In Parvati’s own words, “Suddenly I heard sounds of firing, people running around, and saw flames of fire. A group of school students came running towards my house and asked me to close all the four doors and windows of the house. As I rushed to shut the windows and doors, I saw members of the TSR loitering here and there and shooting indiscriminately in all directions. They shot at my neighbour Mohan Chandra’s house. Soon, the members of the force entered my premises and broke open the door. Lily and I managed to escape through the door at the back to save our lives.”
Parvati had not been keeping well and couldn’t run fast; she fell in a drain holding Lily’s hand. From there, she could see her house in flames. About 40 thousand rupees that she had received as her deceased husband’s pension had been safely stowed away in the cupboard; all of it was reduced to ashes in minutes. She heard TSR members yelling and believes that she can recognise their faces even today though she does not know their names.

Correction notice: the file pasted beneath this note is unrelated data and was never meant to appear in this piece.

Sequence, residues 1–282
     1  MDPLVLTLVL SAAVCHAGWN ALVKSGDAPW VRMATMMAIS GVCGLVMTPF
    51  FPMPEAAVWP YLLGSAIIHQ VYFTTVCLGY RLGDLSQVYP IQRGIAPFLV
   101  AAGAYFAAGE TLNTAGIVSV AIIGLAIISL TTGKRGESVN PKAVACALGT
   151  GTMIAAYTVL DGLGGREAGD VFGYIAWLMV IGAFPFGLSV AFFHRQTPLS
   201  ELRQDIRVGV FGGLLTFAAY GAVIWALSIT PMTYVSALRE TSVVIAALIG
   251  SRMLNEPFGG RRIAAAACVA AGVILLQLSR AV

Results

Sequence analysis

Two other villagers, Swapan Debbarma and Niranjan Debbarma, were shot dead in her courtyard, as she came to know later. Their bodies lay over the bamboo piles for a long time in the courtyard. Parvati’s uncle Baishak Debbarma from Borkathar village was returning home after selling vegetables in the market and was brutally beaten by TSR.
She doesn’t remember how long she lay unconscious or semi-conscious in the drain that day. It was her part time servant Rana Debbarma, who rescued her. Rana pulled her out of the drain.